The Find a Grave site tells us, “Hopkins’s favorite targets were elderly widows (especially if they owned cats) and people who were unpopular with their neighbors (and thus vulnerable to malicious accusations). His best known victim, however, was a clergyman, John Lowe, the 70 year-old vicar of Brandeston. After Hopkins and his crew had nearly drowned him, kept him awake for three days and nights, and forced him to walk without rest until his feet blistered, Lowe wearily confessed to a host of supernatural crimes, including causing a shipwreck off the coast of Harwich. He later recanted his confession, but was condemned anyway. Denied benefit of clergy, Lowe recited his own burial service on the way to the gallows. (The Lowe case reveals just how bigoted the local justices could be: no one bothered to check if a ship had actually foundered off Harwich. It also helps explain how Hopkins could conduct his widespread ‘investigations’ with such impunity). During his 14-month reign of terror throughout the provinces of eastern England, Hopkins had between 230 and 400 people executed as witches, while scores more died under torture or imprisonment. Eventually, opposition rose against him. In the spring of 1646, the Reverend John Gaule of Great Staughton looked into Hopkins’ methods and published his findings in a scathing pamphlet, ‘Select Cases of Conscience towards Witches and Witchcraft.’ Gaule also denounced him from the pulpit, hinting that the ‘Witchfinder General’ was himself a witch. Hopkins replied with a pamphlet of his own, ‘The Discovery of Witches,’ but his reputation had been thoroughly debunked. Faced with mounting public resentment, and already in poor health, Hopkins disbanded his team in May 1646 and retired to the village of Mistley in Essex. He died of tuberculosis and was buried in the old churchyard (now destroyed) at Mistley Heath on August 12, 1647. The tale that he had been lynched by vengeful villagers probably stems from Samuel Butler’s poem “Hudibras” (1663), which satirized the witchhunter. Another legend asserts that his ghost wanders between Manningtree and Mistley, pointing an accusing finger at passersby. His brief, bloody career was the subject of a horror film, “Witchfinder General” (released in the United States as “The Conqueror Worm”, 1968), with Vincent Price playing Hopkins.”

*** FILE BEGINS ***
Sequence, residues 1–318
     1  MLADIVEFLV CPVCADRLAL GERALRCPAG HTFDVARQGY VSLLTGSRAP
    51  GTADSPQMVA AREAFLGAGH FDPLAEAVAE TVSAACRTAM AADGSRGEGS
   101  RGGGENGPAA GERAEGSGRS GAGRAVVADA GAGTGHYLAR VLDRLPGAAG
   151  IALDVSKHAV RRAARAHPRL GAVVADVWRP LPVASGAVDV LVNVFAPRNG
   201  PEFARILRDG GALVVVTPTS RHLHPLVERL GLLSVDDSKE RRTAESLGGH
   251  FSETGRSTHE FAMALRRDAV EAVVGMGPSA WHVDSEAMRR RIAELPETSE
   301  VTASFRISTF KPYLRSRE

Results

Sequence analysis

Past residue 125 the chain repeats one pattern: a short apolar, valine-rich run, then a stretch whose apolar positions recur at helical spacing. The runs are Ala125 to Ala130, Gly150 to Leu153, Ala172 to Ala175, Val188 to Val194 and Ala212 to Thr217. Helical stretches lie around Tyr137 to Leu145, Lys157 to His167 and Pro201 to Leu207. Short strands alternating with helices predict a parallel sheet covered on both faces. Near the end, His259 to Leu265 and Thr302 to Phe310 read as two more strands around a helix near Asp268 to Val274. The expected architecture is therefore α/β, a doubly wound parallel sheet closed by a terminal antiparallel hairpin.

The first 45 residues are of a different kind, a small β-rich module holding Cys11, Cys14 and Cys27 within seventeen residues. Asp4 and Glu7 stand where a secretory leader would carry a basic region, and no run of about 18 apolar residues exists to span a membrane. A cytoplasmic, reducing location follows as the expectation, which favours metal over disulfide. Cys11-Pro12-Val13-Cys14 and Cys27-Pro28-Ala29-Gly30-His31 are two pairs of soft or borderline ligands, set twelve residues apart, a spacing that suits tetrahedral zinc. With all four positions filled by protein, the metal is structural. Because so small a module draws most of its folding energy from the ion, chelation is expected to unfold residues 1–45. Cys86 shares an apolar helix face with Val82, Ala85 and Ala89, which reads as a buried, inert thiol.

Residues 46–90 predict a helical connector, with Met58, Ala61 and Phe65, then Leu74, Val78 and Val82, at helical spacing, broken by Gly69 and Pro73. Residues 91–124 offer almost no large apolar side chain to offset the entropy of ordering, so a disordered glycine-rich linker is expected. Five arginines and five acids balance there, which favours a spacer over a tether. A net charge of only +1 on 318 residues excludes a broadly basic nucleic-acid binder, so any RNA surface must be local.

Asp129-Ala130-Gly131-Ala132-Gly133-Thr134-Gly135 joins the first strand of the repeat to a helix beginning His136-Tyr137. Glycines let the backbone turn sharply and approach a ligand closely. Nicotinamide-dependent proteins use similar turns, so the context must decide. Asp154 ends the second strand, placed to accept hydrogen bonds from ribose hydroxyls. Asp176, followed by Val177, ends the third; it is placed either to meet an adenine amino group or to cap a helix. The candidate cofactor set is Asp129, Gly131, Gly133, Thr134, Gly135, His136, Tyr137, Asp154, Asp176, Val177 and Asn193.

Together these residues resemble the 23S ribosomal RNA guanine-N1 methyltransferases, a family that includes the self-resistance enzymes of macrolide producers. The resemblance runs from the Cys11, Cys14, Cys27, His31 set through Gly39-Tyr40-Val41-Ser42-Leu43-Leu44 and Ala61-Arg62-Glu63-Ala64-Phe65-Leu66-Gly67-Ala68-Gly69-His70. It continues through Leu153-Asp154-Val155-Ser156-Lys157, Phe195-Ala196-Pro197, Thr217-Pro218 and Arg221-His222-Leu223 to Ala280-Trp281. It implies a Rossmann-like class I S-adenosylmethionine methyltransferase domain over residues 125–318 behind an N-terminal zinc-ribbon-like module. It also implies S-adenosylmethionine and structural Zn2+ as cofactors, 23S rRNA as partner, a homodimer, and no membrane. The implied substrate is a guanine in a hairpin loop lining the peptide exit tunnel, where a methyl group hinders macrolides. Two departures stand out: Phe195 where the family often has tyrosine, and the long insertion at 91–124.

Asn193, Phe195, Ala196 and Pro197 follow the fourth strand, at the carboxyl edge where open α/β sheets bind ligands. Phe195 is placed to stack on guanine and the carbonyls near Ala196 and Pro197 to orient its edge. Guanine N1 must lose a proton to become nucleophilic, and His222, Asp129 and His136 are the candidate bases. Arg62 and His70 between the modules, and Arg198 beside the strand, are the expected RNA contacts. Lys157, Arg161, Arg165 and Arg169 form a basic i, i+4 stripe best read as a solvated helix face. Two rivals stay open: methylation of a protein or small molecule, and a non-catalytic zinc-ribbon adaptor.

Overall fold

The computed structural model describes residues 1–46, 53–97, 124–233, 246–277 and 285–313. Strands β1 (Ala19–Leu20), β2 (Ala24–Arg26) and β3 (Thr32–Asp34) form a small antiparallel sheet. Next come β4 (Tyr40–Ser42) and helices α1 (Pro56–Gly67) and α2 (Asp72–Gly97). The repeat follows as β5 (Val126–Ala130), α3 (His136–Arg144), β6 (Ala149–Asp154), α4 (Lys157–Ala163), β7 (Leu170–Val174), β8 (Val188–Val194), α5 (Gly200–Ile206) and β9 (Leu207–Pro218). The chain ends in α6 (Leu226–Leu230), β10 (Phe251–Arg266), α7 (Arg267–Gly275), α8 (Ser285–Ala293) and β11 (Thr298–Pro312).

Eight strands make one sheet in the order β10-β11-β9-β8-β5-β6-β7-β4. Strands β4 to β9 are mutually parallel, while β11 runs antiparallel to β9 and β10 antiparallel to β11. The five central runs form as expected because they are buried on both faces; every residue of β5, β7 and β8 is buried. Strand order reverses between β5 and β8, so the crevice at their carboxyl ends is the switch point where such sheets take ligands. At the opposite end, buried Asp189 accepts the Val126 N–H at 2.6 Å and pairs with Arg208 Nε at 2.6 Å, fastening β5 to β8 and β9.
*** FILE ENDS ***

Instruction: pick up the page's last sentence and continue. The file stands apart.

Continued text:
There was an impact upon the American colonies following these events. Hopkins’s book was publishing in 1647. It outlined his witch-hunting methods. These practices were also recommended in the law books of the day. Trials and executions for witchcraft began in the New England colonies in 1648, with the hanging of Alse Young of Windsor, Connecticut, on May 26, 1647, followed by the conviction of Margaret Jones.  Governor John Winthrop’s journal describes the evidence against Jones. This was the beginning of witch hunts in America, running from 1648 to 1663. About eighty people throughout New England were accused of practising witchcraft during that period, of whom fifteen women and two men were executed. Some of Hopkins’ methods were once again employed during the Salem Witch Trials, taking place in Salem, Massachusetts in 1692-1693. Nineteen executions resulted from these trials, and another 150 were imprisoned.  


“Matthew Hopkins,” Controversial.com 

“Matthew Hopkins,” Encyclopedia Britannica 

“Matthew Hopkins,” Find a Grave 

“Matthew Hopkins,” Wikipedia

“Matthew Hopkins, Witch Finder,” Historic UK 

Project Gutenberg: The Discovery of Witches: In Answer to severall QUERIES, LATELY Delivered to the Judges of Assize for the County of NORFOLK. And now published By MATTHEW HOPKINS, Witch-finder, FOR The Benefit of the whole KINGDOME. M. DC. XLVII.


About Regina Jeffers

Regina Jeffers is the award-winning author of Austenesque, Regency and historical romantic suspense.
This entry was posted in British history, Church of England, gothic and paranormal, legends, medieval, mystery and tagged , , , . Bookmark the permalink.

2 Responses to 17th Century Witch Hunter, Matthew Hopkins

  1. carolcork says:

    Regina, I remember seeing “Witchfinder General” when it was first released back in the 1960s and Vincent Price’s portrayal was quite spine-chilling.